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Regulatory Update: Anti-Money Laundering — The SARs Regime

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Background

On the 20th July 2018, the Law Commission published a consultation paper on anti-money laundering and the Suspicious Activity Reports (SARs) regime.

Money laundering is a widely-recognised global problem which allows criminals to profit from their crimes. The issue is estimated to cost every UK household £255 a year.

The Proceeds of Crime Act 2002 provides a system for businesses to report suspicious financial activity to law enforcement agencies. However, there has been recent criticism of the SARs regime, following a significant amount of low-quality reporting and criminals being able to avoid detection. Firms face substantial costs as a result, with estimates of at least £5 billion spent annually on financial crime compliance. There is also the knock-on effect of financial losses to businesses and individuals who are unable to transfer funds when there is suspicion of money laundering. Customers that face these delays also cannot obtain a reason for the delay from their bank due to the “tipping off” offence outlined in the act.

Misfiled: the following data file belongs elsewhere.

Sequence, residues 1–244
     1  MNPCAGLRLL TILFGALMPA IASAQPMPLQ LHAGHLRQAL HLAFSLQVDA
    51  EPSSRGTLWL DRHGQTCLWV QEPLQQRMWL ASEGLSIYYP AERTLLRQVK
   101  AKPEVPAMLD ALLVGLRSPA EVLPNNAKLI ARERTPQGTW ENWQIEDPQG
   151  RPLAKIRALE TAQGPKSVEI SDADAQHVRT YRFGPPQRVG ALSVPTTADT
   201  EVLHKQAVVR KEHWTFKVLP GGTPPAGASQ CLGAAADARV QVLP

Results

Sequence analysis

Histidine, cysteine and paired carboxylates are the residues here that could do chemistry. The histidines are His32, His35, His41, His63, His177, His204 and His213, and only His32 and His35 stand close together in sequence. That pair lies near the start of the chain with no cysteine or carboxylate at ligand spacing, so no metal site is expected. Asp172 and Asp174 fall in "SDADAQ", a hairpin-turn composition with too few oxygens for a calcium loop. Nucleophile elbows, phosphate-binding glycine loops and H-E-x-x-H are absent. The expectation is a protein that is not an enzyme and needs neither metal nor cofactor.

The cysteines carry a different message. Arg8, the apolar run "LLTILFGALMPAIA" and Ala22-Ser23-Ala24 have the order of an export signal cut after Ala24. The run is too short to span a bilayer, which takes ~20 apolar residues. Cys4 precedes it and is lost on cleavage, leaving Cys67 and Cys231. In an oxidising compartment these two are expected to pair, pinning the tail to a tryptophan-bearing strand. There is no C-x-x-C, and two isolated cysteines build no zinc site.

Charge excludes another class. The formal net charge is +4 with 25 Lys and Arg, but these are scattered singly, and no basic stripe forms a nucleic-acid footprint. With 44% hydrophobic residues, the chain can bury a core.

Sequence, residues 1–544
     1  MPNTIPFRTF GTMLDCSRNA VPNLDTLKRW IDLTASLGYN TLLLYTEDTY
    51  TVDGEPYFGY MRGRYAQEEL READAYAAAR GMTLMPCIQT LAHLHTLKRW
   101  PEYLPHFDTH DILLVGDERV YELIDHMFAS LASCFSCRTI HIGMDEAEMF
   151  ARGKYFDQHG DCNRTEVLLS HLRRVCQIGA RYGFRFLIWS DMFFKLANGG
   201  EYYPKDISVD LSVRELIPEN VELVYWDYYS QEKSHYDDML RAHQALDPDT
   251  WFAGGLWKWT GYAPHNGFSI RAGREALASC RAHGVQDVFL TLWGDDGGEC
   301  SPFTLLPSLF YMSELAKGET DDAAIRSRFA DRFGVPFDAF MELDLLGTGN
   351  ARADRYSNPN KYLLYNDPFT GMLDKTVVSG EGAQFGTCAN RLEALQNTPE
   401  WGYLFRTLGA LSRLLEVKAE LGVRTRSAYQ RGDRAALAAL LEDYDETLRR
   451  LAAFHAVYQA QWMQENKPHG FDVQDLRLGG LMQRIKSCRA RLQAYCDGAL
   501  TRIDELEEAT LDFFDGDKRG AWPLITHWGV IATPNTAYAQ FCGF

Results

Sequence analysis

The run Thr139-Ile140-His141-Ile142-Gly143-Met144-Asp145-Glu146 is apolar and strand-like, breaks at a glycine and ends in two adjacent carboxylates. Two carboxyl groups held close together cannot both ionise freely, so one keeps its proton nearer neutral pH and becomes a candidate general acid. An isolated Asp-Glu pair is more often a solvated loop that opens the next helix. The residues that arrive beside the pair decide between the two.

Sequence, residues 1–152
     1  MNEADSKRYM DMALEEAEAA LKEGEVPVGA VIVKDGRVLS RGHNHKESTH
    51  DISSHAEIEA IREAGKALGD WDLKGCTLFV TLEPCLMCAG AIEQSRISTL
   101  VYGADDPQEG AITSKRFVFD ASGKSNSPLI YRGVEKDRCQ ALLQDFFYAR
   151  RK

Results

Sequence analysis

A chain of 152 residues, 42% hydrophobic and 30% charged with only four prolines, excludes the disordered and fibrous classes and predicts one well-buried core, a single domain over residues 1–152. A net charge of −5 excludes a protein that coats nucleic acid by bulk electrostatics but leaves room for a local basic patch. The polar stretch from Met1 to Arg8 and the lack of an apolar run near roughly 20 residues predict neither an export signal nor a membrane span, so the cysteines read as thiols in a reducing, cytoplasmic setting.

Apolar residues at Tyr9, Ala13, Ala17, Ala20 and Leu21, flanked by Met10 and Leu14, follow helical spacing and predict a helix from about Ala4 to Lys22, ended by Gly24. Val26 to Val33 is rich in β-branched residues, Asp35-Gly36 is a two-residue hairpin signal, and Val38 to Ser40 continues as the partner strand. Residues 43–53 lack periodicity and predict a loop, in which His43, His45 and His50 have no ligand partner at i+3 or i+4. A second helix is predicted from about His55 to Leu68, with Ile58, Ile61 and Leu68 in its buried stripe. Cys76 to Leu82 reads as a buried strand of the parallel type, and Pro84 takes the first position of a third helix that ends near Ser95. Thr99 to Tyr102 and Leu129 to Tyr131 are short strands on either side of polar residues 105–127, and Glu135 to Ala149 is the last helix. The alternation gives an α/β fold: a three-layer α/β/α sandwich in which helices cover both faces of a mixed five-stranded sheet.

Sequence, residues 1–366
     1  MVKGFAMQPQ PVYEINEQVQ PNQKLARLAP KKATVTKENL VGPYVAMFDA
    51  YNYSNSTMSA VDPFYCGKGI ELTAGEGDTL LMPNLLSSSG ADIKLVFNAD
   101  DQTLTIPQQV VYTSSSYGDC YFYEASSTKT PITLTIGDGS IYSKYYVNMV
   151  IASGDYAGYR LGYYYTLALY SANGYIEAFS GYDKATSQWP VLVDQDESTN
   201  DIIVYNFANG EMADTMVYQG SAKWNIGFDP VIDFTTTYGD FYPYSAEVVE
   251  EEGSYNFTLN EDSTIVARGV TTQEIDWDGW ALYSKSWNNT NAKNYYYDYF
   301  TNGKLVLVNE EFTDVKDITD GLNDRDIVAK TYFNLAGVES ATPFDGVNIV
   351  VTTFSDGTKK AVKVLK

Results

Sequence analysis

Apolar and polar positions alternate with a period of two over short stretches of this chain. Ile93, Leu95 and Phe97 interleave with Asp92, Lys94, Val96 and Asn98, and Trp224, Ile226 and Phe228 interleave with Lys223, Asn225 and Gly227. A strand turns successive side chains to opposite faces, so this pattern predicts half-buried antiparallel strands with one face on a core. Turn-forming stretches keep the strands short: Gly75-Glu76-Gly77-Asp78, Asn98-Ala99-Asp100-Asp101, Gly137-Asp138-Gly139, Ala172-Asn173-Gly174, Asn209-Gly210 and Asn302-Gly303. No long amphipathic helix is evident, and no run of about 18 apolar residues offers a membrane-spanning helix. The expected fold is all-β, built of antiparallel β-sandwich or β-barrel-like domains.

In December 2017, the Home Office asked the Law Commission to review the anti-money laundering (AML) and counter terrorist financing (CTF) regimes within Part 7 of the Proceeds of Crime Act 2002 and Part 3 of the Terrorism Act 2000.

KEY POINTS

The 222-page consultation paper covers a wide range of issues and proposals. Some of the recommendations within the report include:

1.    Improving the quality of SARs and information sharing

The term ‘suspicion’ is often misunderstood and contributes to poor quality disclosures. It was found that a significant number of SARs did not articulate the grounds for suspicion clearly. The consultation wants to explore how to reduce low-quality reports and focus on accounts in which there are reasonable grounds to suspect property is criminal property. The report also wants to explore views on the extent to which information is shared amongst the private sector when suspicion arises.